There are lots of different ways to reduce the price of an inground swimming pool. You can choose a smaller size, purchase more cost-effective materials, do a part of the work with your own hands or come to an agreement with the pool contractor.
Or can you?
The issue raised at the beginning of this article is a controversial one, and unluckily, it doesn’t have a single answer. Actually, you can just try to negotiate a cost reduction for your pool project. Whether the pool contractor is ready to cooperate is another matter, and it is based on several factors.
In which cases you can negotiate
Various pool companies have various approaches to the process of bidding. Nevertheless, it can be stated that a contractor will only agree to negotiate if they really need this project and can still get a fair return at a reduced cost. Below are a few points you should be aware of before making a decision on the negotiation of a pool price.
The reputation of the constructor. Well-known pool constructors usually have all the business they can deal with; thus, they are very unlikely to accept an unprofitable offer. Moreover, famous builders care about their reputations, and may not be ready to reduce the quality of their services to lower the cost. As a rule, you can gain insight into the constructor’s reputation by doing a little research and verifying their recommendations.
Bidding strategy. Irrespective of the reputation, a pool constructor may offer a high price, thinking that the end price will be lower after the negotiation. This is the option that usually concerns potential pool owners the most since nobody wants to be the loser who agrees to a purposely enhanced price.
Local market. If the demand for swimming pools in your region is high, it will be hard for you to find a builder who will agree to cut the price. Other market forces are the price of work and materials, which determines how much a constructor can decrease the price while still gaining on your pool project.
Time frame. This is virtually the same aspect as above, with the duration included. By and large, you may have more luck bargaining in the period when demand is low.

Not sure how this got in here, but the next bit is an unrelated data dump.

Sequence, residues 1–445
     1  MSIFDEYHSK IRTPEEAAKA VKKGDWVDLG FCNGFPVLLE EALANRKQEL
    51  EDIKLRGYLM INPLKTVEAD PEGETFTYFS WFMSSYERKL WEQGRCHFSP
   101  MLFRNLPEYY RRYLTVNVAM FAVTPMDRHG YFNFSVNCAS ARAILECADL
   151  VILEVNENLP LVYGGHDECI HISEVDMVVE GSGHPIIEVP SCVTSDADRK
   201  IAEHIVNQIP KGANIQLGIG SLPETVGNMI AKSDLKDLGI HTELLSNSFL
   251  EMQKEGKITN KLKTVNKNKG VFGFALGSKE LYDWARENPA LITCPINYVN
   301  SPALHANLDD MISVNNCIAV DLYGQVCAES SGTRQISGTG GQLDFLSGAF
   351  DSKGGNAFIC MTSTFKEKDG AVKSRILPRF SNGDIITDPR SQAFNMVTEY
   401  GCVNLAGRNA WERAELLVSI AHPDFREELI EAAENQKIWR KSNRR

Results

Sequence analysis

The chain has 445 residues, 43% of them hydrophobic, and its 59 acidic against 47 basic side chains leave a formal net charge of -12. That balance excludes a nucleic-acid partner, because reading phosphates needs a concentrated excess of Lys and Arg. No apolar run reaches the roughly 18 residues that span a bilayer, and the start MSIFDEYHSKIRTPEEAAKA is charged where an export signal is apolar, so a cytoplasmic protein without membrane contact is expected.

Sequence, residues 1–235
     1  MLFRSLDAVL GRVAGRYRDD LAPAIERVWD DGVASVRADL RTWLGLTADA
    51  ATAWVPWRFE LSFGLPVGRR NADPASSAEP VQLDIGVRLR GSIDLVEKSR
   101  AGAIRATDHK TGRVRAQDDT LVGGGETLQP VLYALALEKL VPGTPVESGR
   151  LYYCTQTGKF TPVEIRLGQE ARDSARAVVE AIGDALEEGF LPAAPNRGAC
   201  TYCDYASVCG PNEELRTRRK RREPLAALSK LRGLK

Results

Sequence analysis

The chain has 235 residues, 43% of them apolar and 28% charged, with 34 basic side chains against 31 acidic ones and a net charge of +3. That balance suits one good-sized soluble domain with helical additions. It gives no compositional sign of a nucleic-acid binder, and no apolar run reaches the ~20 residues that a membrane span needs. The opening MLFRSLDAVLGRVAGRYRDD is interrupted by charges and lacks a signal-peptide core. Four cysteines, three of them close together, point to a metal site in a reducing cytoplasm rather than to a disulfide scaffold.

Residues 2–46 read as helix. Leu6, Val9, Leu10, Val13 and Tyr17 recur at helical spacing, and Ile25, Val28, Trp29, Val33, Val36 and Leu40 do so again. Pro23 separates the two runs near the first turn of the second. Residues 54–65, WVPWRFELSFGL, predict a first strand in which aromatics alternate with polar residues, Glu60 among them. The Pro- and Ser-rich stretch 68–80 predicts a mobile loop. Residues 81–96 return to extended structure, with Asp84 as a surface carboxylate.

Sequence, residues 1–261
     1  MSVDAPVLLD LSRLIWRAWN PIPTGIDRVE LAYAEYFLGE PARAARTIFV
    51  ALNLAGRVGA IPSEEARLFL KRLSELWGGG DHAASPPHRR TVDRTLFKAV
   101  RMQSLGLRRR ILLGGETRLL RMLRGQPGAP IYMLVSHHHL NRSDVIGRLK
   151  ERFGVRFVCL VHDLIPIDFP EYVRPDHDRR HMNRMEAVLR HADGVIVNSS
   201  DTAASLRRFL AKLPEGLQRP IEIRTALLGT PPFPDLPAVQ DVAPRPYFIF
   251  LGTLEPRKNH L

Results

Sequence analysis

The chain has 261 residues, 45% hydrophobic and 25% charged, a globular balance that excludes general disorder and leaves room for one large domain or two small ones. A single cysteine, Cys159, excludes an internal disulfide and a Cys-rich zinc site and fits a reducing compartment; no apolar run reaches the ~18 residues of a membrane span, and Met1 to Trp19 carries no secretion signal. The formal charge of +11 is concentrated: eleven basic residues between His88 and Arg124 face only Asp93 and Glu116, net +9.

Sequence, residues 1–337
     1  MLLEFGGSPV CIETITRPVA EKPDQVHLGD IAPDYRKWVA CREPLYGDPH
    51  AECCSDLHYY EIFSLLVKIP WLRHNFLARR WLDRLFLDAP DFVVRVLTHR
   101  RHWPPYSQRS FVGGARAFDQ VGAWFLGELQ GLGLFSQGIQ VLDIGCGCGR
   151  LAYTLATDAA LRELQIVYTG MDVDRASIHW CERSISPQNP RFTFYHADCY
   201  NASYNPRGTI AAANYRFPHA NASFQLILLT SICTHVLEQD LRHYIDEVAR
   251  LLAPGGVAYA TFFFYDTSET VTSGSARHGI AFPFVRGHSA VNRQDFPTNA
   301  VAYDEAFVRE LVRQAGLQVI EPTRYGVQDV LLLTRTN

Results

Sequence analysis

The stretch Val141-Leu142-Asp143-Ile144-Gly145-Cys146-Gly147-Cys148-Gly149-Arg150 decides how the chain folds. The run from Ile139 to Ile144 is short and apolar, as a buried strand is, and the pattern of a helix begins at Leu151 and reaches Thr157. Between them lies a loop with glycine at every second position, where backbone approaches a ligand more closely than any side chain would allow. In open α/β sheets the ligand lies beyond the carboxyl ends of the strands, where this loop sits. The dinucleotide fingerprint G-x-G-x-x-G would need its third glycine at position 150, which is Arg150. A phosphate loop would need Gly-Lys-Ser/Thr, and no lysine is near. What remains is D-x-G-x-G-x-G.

Well, where can you find all this information? One option is to ask other pool owners in your region about their experience. But there’s an easier way to prevent paying extra for an inground pool.
Three bids rule
Another great alternative is to get several bids on your pool project.
While three bids are an empirical rule, the BBB and others advise at least three. The more bids you get, the higher the likelihood of persuading the chosen builder to decrease the price. The reason is that constructors who might abstain from negotiating in a vacuum are usually more susceptible to a counterproposal that’s introduced as a “price match.”
The main task is to get a fair comparison between the offers. It means that asking every pool constructor for a detailed bid on the same pool design. Bids tend to vary in lots of details, but if you can justify a lower cost based on a parallel comparison, you’ll have a greater chance of success.
Surely, it’s always possible that the chosen constructor returns with the lowest bid. In this case, you shouldn’t look a gift horse in the mouth. Accept the proposal, and just be grateful for it.
The disadvantages of negotiating
While it is possible to save significantly by negotiating over the cost of a pool, it also entails risks. First of all, you could overestimate your capacity and insult the pool constructor that you really want to employ. That could make you forget about your pride and accepting the original bid or opting for your second choice.
It may be even worse for you if your low-price offer is accepted. A constructor may attempt to reduce expenses by selecting poor-quality materials or employing doubtful subcontractors. Otherwise, they could delay the process by making your project a lower priority on their schedule. In contrast to the more common case where you’re discussing the price of a new vehicle, you can’t be sure you’ll get the end product of the same quality when you bargain aggressively over the cost of your future pool.
In general, it is obvious that the best approach is to be sincere with the pool enterprises negotiating for your project. Tell them that you’re waiting for their best deal and that you’re going to compare it to the offers of the other pool constructors in your region. If the builder’s proposition seems too expensive, feel free to ask for a smaller price – but be sure you have a plan B in case they refuse.